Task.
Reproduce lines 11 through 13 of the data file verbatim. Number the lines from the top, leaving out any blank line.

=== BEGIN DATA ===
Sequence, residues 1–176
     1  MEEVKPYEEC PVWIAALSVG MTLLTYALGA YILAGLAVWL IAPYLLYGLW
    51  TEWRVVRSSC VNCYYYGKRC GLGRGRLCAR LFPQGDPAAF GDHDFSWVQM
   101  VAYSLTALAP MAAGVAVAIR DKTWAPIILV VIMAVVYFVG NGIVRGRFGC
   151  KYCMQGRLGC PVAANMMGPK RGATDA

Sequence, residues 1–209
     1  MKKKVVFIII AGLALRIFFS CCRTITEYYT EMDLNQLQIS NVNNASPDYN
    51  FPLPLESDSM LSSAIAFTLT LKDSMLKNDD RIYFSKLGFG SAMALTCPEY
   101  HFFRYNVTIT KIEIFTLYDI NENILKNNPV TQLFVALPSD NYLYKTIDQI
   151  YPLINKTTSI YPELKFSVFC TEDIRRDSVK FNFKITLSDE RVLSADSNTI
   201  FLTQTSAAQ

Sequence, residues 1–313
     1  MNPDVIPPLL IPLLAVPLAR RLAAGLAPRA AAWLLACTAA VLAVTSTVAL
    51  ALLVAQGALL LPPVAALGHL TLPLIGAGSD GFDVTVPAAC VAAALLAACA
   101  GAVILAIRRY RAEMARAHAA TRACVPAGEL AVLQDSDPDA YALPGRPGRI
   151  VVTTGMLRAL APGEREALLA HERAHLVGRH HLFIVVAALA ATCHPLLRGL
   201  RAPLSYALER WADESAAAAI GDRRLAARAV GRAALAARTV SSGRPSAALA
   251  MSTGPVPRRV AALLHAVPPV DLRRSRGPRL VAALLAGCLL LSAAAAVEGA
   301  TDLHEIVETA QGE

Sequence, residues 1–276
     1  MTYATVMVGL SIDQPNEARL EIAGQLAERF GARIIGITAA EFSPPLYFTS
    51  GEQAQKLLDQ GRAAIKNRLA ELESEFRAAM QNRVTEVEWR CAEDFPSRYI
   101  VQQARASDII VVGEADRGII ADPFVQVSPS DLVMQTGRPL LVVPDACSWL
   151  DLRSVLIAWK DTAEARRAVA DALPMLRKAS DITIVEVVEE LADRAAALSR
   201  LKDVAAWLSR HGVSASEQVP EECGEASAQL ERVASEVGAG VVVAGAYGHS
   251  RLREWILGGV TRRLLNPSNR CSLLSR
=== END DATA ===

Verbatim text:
   201  FLTQTSAAQ

Sequence, residues 1–313
     1  MNPDVIPPLL IPLLAVPLAR RLAAGLAPRA AAWLLACTAA VLAVTSTVAL